Editor’s Note: NGI’s Mexico Gas Price Index, a leader tracking Mexico natural gas market reform, is offering the following question-and-answer (Q&A) column as part of a regular interview series with experts in the Mexican natural gas market.

This second Q&A in the series is with Rosanety Barrios. Barrios is an independent energy analyst who worked as the head of the Industrial Transformation Policy Unit at the Mexican Energy Ministry during the previous administration helping to design the country’s energy reform enacted in 2013. While at the Energy Ministry, she specialized in the design and coordination of midstream policy and the development of the country’s natural gas, liquefied petroleum gas and oil products market. Previously, Barrios worked at the Energy Regulatory Commission (CRE) from 2000-2013, and she spent 13 years as a stock market analyst in several Mexican financial institutions.

NGI: Under what terms are companies currently buying and selling gas from state-owned Petróleos Mexicanos (Pemex) and others in Mexico?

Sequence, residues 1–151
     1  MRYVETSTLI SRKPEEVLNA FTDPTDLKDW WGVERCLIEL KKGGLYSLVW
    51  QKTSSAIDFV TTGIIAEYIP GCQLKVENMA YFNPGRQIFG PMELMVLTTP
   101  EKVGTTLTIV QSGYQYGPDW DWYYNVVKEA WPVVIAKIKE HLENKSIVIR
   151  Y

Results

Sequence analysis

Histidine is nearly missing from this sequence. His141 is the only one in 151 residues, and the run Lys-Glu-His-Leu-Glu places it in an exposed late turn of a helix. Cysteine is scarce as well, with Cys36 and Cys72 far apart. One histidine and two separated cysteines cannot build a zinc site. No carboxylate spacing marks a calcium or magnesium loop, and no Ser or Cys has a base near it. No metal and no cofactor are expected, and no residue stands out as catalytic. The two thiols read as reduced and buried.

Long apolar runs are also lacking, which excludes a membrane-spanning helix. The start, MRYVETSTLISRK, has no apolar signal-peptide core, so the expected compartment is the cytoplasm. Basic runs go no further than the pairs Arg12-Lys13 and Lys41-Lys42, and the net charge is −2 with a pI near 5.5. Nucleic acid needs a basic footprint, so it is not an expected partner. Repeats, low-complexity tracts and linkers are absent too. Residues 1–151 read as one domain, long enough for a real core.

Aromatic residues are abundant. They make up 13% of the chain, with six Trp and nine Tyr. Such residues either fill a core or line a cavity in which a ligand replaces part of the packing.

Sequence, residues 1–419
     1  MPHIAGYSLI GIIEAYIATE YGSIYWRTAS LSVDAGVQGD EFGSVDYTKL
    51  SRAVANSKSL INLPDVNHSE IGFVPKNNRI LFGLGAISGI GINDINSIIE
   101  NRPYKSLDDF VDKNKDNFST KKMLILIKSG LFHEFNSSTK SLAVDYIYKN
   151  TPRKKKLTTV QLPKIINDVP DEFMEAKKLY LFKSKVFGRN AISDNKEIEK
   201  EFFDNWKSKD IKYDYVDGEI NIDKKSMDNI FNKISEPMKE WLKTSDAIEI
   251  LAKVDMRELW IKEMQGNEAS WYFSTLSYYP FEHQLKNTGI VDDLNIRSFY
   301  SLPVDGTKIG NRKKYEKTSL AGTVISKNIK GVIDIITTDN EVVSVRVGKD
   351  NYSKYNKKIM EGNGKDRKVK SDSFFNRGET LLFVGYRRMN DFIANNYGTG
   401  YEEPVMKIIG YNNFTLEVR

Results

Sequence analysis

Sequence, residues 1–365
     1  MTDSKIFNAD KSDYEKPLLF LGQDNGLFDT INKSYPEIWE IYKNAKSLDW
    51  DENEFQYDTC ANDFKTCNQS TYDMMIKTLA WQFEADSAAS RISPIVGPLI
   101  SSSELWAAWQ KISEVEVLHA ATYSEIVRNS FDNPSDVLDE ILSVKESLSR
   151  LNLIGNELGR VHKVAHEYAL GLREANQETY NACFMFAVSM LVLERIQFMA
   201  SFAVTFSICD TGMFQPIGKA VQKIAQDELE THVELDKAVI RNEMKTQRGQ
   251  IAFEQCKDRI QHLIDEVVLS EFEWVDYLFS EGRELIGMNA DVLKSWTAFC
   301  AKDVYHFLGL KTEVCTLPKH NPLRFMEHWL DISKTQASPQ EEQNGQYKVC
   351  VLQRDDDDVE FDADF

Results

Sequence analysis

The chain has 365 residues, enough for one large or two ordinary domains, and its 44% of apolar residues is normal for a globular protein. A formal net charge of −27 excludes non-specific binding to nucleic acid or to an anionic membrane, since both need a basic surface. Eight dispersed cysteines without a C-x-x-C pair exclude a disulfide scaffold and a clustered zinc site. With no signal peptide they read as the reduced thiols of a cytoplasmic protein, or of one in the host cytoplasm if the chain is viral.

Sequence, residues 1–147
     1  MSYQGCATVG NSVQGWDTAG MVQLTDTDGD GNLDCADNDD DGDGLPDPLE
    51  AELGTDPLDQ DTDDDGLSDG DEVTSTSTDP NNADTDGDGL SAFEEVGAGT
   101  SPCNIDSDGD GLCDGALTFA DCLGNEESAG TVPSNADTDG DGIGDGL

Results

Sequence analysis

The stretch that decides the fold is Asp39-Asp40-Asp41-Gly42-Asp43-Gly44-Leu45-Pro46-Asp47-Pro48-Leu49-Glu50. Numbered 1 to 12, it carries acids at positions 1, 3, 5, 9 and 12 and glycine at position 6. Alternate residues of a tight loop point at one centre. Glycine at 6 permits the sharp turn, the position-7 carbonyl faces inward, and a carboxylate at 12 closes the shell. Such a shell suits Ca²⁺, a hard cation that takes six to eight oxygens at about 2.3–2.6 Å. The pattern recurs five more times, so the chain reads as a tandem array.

Barrios: Pemex, fundamentally, works on monthly contracts. Most of its clients have monthly contracts. They have very few clients that have annual contracts. Daily contracts are purchased to resolve the current imbalances in the system. The Comisión Federal de Electricidad (CFE) does have some industrial clients, though I’m not sure what will become of those contracts under the current administration. I don’t think CFE has signed any long-term contracts in terms of natural gas supply.

NGI: Of the natural gas that it is being sold in Mexico, what percentage is being sold by companies that aren’t state-owned?

Barrios: We did two open seasons to auction capacity in international pipelines. In the first one, Pemex participated and auctioned off around 800 MMcf of capacity to the public. There was a set price. The industrial clients didn’t participate. The only company that did was BP plc, and they won around 200 MMcf/d of capacity. The only marketer that dared to buy capacity, was BP. After that, Pemex didn’t want to hold further public capacity auctions.

So, who is really importing natural gas into Mexico? On the side of Sistrangas, BP is the only marketer, and on the side of CFE, well, it’s CFE. All of the other marketers are buying natural gas directly from Sistrangas or the CFE. They aren’t directly importing natural gas. There is a very limited amount of companies that directly import natural gas into Mexico. The barriers of entry into Mexico are the international natural gas pipelines that connect with the U.S. That capacity is 100% controlled by Pemex, with the Los Ramones pipeline, and 100% by CFE in other pipelines.